If getting your rental in top shape is too overwhelming, hire professional cleaners for the entire property just so you know it’s done right. This will also give you more time for the important stuff, like Netflix and pizza.
While You’re Living There
When you’ve got moving on your mind, it can be easy to forget the important stuff.
Be best buds with your landlord
- Reply to all emails/texts and return all phone calls. Good communication is the key to maintaining a good relationship.
- If your landlord loves emojis, follow suit and build rapport.
- Make sure anyone living with you for over 4 weeks puts in an application. This allows your landlord to know who is in the home in case of emergency.
- Harbouring a friend will get you in your landlord’s burn book. Not so fetch.
- Be grateful for their help. Leave thankyou notes when they visit for routine inspections. Always be polite on the phone.
- Now is not the time to get slack with your manners.
Don’t sweep issues under the rug
- Put any maintenance issues in writing. If you’ve got a burst pipe or a blocked toilet (ew), email your landlord to request repairs.
- If you’ve got money problems and can’t make rent one week, let your landlord know. In most cases, they’d prefer to work out a payment plan rather than serve you a breach notice.
When You’re Vacating
So you’ve already cancelled the cat-shearing contest you had planned. Good start.
Here are some things you may not have thought of.
Give your landlord plenty of notice
- When you decide to move out, make sure you give the appropriate written notice.
- If you’re on a fixed-term lease, let your landlord know you’ll be breaking it. Ask about any costs or responsibilities associated. No one likes sneaky fees.
Do everything by the book
- If you notice any small scuff marks on walls, don’t try to paint over them. You’re not being sneaky – you’re just highlighting the damaged spot for your landlord. Note it on your exit report instead.
- After you’ve returned all keys to your landlord, they’ll have 3 business days to complete a vacate inspection. Make sure the electricity is still connected so they can check all lights and appliances. Try to be present while they do the inspection so you can discuss any issues immediately.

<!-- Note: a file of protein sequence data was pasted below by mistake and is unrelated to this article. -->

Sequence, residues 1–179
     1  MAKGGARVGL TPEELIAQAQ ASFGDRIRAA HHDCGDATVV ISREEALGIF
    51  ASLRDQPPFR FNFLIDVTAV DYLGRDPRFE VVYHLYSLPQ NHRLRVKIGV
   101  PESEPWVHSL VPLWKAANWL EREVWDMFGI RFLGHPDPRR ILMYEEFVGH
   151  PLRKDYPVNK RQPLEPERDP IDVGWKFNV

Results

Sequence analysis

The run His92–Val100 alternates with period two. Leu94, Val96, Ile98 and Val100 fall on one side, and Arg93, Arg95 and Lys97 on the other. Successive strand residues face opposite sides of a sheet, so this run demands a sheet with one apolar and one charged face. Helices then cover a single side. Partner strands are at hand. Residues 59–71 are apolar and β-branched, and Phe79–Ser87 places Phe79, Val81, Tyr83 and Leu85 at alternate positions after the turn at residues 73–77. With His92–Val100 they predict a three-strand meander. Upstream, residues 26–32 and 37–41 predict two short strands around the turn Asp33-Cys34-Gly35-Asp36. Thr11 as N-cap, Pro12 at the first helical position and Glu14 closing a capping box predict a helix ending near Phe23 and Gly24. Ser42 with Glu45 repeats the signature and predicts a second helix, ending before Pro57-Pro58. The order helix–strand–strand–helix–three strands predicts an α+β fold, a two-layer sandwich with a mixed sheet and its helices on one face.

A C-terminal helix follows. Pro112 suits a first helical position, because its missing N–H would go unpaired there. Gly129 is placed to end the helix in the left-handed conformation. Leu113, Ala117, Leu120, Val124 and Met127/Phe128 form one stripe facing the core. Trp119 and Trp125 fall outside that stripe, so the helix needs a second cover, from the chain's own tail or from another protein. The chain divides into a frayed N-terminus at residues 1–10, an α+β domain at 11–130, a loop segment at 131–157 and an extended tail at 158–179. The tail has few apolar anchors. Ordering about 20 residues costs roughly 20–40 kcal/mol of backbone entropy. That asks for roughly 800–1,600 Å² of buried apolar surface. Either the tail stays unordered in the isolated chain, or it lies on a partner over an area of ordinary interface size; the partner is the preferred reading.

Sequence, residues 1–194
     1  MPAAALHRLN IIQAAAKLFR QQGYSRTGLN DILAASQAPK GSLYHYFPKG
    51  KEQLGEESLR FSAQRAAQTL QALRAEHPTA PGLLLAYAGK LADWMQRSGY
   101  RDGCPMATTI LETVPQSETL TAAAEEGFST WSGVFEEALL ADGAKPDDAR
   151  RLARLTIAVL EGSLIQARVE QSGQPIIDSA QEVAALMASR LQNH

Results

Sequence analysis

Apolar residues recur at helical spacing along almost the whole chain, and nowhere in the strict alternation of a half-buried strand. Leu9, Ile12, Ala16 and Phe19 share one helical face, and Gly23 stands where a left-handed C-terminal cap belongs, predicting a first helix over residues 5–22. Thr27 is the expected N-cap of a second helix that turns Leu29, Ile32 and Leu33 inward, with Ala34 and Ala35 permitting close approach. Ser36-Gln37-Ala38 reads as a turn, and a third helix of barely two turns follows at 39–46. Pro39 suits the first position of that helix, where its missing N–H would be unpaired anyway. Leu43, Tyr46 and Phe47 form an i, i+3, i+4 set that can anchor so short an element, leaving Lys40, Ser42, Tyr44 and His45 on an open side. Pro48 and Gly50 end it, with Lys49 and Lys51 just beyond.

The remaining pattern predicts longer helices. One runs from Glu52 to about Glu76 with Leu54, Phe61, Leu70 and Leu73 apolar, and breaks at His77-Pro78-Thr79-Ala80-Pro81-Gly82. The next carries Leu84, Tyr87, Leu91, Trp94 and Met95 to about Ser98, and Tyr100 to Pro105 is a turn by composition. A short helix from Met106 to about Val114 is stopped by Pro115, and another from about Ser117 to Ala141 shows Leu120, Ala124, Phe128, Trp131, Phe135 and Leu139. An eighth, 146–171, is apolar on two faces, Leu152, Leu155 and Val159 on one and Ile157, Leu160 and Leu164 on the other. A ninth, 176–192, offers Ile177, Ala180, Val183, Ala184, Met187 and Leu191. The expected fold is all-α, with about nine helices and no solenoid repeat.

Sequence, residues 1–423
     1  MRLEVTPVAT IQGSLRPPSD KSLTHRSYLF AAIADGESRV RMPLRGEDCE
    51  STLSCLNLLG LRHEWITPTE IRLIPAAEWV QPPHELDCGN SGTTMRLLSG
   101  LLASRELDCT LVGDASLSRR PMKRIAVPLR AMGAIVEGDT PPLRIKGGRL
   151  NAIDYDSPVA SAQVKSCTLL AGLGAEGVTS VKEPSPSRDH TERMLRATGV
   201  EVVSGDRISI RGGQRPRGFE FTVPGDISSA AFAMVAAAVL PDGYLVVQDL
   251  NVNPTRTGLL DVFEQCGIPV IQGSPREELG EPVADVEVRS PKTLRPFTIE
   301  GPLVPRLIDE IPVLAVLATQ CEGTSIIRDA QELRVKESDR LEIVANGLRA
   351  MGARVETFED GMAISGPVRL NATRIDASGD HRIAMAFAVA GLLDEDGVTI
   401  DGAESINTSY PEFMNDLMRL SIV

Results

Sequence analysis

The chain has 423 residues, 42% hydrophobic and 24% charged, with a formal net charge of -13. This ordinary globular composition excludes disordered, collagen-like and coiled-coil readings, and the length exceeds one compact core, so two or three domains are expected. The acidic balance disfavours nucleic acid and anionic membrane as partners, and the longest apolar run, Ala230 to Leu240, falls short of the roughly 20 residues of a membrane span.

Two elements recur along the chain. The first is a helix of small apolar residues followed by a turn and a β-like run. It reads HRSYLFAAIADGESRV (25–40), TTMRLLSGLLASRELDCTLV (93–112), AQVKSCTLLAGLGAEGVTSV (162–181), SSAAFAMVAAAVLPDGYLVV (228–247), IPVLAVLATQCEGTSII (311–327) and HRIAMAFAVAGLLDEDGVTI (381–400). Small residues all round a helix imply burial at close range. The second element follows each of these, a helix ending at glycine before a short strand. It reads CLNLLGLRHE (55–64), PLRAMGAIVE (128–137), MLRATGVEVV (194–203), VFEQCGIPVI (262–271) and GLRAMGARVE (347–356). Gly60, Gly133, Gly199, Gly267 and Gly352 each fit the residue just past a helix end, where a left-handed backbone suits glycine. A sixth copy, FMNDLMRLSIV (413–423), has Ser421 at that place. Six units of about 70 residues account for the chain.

- Pay all rent and invoices in full so your landlord can’t take these costs out of your bond.
Be wary of everything you sign
- Assuming each party agrees on the bond return amount, you’ll need to sign a Joint Application for Disposal of Security Bond. Fill in this form with the correct amount agreed upon. If you sign a blank form, the landlord or owner of the property can fill it in with a smaller amount later.
- Only sign a form to take your bond money out of the account once your tenancy has ended.
- Get a copy of anything you sign.
When Moving Into Your New Home
The excitement of moving into a new place can make us forget all the adult stuff we need to do. Remember these steps when moving into your new home to make it easier to get your bond back when you move out.
- Take time-stamped photos of the property to document its condition. Do this before moving your furniture in.
- Within 3 days of collecting your keys, return your entry condition paperwork noting any discrepancies.
- Establish a good relationship with your landlord. Be friendly and polite. Bake them some cookies if you want to. Some extra effort now could make them more forgiving when the time comes to return your bond.
Speaking of moving, you might want to check out these 10 ways to make moving easier.